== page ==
EU countries agreed in 1998 to limit the mercury content of zinc carbon and alkaline manganese consumer batteries to 5 parts per million by January 2000 - effectively a ban (ENDS Daily 22 October 1998). EU manufacturers voluntarily phased out mercury use in the mid-1990s, so the ban affects only the estimated 5-10% of these types of batteries that are imported from outside the EU, often inside appliances.
European battery makers are keen to see the ban implemented, nevertheless. Even a small proportion of mercury-containing batteries prevents recycling along with other metal wastes in steel furnaces. Instead they must be treated by specialist recyclers at much greater cost (ENDS Daily 31 May).
The European Portable Battery Association (EPBA) had hoped that the ban would enable recycling to switch to the cheaper steel furnaces by 2003. Due to the delays in national implementation of the ban, Raynald Dallenbach of the EPBA told ENDS Daily today, it now "could be something like 2004 or 2005" before this was possible.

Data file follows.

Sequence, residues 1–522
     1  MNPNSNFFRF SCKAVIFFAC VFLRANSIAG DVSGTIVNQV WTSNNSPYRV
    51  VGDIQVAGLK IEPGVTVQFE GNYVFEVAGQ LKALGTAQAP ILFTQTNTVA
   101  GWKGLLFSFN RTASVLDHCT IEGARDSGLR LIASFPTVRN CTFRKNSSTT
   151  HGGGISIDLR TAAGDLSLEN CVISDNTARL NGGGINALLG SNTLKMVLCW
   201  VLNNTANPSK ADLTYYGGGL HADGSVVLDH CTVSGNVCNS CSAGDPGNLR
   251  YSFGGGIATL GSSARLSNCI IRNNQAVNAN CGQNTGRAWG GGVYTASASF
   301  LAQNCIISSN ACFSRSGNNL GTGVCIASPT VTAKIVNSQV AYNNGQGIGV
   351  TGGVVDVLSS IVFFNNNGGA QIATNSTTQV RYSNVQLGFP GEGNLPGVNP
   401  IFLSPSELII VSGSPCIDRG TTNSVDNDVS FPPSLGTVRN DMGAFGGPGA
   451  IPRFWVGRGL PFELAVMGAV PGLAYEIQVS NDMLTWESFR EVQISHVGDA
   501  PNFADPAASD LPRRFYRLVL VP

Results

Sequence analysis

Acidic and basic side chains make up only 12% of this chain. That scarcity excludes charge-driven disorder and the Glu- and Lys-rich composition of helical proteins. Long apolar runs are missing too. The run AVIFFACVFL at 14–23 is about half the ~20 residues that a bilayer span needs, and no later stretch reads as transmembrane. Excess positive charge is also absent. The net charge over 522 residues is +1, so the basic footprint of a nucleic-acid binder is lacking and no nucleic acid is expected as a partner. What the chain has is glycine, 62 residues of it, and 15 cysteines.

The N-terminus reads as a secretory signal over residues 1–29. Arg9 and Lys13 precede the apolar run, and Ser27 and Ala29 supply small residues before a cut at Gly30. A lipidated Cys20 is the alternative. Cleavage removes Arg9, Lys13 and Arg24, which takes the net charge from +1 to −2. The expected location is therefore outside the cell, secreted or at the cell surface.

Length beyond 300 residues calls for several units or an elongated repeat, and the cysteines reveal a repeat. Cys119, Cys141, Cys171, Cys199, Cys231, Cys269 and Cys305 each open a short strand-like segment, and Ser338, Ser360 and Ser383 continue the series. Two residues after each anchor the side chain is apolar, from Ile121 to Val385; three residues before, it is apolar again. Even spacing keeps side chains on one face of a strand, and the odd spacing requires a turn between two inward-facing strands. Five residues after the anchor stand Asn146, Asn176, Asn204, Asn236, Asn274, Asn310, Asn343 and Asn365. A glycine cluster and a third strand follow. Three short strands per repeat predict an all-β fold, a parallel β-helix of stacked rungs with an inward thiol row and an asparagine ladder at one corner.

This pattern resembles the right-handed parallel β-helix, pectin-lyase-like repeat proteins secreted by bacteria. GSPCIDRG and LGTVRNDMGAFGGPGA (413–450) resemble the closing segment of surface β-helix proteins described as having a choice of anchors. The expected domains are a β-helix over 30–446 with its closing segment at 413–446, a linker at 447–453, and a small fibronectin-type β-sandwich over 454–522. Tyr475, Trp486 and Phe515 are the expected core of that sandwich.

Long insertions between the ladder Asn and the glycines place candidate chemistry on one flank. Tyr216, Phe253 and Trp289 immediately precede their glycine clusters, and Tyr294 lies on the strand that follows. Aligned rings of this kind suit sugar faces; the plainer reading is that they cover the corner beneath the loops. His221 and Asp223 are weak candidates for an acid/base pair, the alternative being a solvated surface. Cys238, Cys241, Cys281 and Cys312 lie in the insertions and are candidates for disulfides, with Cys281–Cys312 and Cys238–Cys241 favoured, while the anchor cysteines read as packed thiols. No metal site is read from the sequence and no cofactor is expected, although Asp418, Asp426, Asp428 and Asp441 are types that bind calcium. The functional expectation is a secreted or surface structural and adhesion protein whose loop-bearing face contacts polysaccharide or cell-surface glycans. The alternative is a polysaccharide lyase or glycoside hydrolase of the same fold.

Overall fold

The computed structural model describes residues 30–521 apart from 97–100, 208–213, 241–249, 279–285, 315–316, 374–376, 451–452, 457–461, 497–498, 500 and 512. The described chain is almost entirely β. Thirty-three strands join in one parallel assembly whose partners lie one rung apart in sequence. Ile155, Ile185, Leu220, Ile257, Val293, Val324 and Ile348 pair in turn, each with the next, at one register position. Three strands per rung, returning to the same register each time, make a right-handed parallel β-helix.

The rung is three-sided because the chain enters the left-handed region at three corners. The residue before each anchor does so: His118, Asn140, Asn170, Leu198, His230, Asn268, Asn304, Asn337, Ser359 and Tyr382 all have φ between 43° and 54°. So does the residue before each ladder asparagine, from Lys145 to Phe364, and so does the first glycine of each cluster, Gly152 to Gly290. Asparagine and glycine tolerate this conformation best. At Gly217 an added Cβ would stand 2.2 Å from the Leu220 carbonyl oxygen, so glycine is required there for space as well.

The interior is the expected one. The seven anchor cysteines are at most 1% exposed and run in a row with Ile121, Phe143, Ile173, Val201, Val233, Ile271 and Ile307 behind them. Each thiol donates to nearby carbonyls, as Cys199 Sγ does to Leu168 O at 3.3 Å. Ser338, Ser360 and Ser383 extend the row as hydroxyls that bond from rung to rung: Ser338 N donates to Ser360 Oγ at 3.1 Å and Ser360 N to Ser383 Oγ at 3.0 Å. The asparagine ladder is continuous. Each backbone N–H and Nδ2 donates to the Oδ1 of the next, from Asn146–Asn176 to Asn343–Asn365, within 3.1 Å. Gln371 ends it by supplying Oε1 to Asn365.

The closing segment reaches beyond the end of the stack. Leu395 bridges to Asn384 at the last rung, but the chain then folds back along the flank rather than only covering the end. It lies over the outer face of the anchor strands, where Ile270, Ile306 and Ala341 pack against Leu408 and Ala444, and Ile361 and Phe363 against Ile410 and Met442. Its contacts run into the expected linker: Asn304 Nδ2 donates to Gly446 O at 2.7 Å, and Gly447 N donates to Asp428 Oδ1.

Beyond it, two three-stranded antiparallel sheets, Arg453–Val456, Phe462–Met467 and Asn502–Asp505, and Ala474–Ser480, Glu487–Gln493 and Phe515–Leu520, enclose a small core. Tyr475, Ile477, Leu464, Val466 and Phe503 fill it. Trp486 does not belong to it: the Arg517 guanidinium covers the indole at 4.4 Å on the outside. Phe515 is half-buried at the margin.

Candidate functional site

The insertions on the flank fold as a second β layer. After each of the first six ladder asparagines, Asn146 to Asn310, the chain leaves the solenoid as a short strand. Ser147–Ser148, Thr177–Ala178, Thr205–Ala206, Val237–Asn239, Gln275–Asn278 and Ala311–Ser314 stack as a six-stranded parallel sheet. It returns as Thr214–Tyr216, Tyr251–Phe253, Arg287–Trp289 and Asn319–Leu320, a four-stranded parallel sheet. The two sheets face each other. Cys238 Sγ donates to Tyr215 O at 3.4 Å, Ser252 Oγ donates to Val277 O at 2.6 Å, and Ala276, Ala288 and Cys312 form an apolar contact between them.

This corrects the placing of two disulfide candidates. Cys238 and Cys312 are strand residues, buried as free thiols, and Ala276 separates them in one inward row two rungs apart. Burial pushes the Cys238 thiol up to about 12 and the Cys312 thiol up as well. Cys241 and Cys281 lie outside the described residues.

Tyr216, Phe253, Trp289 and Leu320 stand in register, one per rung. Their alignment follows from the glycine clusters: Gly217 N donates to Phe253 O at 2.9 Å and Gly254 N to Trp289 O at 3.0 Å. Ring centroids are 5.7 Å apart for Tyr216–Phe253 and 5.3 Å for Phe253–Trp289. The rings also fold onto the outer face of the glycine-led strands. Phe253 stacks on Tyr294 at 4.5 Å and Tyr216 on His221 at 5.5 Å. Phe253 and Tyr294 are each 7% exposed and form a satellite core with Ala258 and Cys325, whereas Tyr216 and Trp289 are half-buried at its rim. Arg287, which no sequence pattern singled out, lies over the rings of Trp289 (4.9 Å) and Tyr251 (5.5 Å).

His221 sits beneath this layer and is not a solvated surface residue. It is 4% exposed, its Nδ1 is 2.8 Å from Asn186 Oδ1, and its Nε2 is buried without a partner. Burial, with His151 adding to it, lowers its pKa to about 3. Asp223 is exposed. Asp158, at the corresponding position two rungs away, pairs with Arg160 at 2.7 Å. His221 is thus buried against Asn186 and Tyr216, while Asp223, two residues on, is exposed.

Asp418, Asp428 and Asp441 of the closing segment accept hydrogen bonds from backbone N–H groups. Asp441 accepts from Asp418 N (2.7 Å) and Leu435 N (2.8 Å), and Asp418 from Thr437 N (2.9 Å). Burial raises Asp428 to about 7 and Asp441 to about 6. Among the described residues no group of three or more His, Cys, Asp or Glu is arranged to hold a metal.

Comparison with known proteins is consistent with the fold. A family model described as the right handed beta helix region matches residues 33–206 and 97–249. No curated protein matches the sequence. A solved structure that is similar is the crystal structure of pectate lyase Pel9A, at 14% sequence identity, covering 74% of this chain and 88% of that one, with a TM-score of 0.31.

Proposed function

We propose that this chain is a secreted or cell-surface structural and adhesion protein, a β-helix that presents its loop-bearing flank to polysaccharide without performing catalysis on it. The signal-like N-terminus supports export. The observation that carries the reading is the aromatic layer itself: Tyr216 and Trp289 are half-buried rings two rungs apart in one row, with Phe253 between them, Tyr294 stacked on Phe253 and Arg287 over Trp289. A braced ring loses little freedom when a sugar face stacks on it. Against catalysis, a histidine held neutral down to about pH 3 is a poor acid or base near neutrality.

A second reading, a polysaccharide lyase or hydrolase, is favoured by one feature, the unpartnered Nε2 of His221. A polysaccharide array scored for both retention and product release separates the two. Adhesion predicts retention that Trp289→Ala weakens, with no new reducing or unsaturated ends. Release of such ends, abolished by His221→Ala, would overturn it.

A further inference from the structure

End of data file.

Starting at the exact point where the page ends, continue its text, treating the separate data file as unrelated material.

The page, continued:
"There's no real threat to the environment," he said, "it just means the recycling cost will be higher for a longer time." Lax import controls could mean the delay lasts even longer in practice, he said.
Meanwhile, European Commission officials have told ENDS Daily that ten EU countries have been sent "formal notices" for failing to transpose the mercury ban into national law on time. They are Belgium, the Netherlands, Germany, Italy, the UK, Ireland, Greece, Denmark, Spain and Portugal. The Commission is currently assessing responses to its warning.
* In a related development, the German environment ministry yesterday announced cabinet approval for a draft law to implement the directive. The ministry said it hoped the measure would enter into force next April, after debate in both parliamentary houses.
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